To proceed with the tutorial, it is a good idea to have a solid understanding of, in order of importance:
  • ARM assembly
  • The C programming language

Patch Methods#

There are a couple of different methods of code patching that are used in Mario Kart DS modding. The oldest and most widely used method involves using the New Super Mario Bros Editor by Szymbar. Memory use limitations with this method of patching prompted the creation of a patching method that can make better use of main memory, and that system is Runtime Code Modules (RCM). In the vein of more general code patching, TheGameratorT authored NCPatcher, a tool for code patching similar to New Super Mario Bros Editor but more streamlined and with more functionality.

NSMBe Patching#

The New Super Mario Bros. Editor patch system places new code at the beginning of the main memory arena, shifting the low address over by the size of the added code. When hooks are used, the instructions at those locations are overwritten depending on the hook's type. It is very important to be mindful of the amount of code being added so as not to cause memory shortage problems, since any memory use by your custom code is memory that can't be used for anything else anymore. To use New Super Mario Bros Editor to make an ASM hack, the following software is required:
  • Szymber's New Super Mario Bros. Editor fork
  • devkitARM with libnds

To start a hack with this method, create a folder containing a ROM with a clean ARM9 program. Alongside it in the same folder, you will need a symbols.x, linker.x, arenaoffs.txt, and Makefile. The symbols.x file contains a list of symbols used by the hack, and the linker will use this file to look up any external symbols. Use an up-to-date symbols file to be sure you have access to all symbols you may need. The linker.x file contains instructions for the linker when producing the resulting object file and can be safely harvested from another hack, likewise for the Makefile and arenaoffs.txt. Code will go into a folder called source. These can be assembly source files (.s), C source files (.c), and header files (.h).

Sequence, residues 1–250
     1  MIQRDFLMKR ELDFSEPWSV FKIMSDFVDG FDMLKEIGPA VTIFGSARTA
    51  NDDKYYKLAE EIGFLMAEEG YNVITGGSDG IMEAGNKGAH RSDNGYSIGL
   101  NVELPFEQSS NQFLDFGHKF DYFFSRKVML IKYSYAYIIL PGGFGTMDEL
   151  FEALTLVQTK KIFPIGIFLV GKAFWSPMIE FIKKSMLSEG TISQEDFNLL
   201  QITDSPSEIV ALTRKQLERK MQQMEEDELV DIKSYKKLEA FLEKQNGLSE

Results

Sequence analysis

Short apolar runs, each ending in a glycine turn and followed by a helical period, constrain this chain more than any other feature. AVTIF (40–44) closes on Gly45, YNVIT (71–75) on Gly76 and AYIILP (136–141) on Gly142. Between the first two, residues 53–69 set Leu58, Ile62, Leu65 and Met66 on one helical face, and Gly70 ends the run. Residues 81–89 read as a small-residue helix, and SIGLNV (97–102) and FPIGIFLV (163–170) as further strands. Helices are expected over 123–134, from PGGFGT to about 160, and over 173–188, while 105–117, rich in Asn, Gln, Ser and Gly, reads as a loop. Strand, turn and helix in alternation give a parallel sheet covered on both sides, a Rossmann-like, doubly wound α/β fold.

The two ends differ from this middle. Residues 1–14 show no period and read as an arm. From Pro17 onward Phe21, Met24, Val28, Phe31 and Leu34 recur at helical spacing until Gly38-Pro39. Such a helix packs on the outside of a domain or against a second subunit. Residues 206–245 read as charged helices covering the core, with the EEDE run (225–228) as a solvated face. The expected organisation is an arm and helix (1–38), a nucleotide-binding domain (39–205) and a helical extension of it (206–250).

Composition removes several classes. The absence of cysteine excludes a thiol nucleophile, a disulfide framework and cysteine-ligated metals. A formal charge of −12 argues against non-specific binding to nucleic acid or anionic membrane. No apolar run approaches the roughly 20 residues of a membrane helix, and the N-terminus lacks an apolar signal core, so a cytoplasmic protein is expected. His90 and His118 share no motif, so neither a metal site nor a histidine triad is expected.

To write a hook, write a function (C) or label (assembly) whose name starts with either arepl_XXXXXXXX, ansub_XXXXXXXX, trepl_XXXXXXXX, or tnsub_XXXXXXXX, where XXXXXXXX is the address of the instruction to patch (in DS address space). The first character of these labels indicates whether the hook should be an ARM hook (a) or THUMB hook (t), and whether to branch (nsub) or branch and link (repl). Both ansub and arepl hooks take up 1 instruction, and as such their patches only consume 4 bytes. A trepl takes one 4-byte wide instruction, and a tnsub takes 3 instructions totaling 8 bytes. The patcher treats all branch destinations as being ARM code (not thumb). Knowing the type of hook used is critical in returning to normal game code correctly (e.g. don't return with BX LR using an ansub hook, unless the hooked function should actually be returning).

To patch the code into the game, open the ROM with NSMBe, navigate to the Tools tab, then click Run Make and Insert. The first time through, since no backup folder exists, it may throw an error but create a backup folder after. If this does happen, run Make Clean, then Make and Insert and the code should patch without issue. Close NSMBe to commit the changes to the disk, and then you're left with a ROM with patched code. Under normal circumstances, do not modify the ARM9 copy kept in the backup folder, as this is what NSMBe will use as a base when patching code in the future.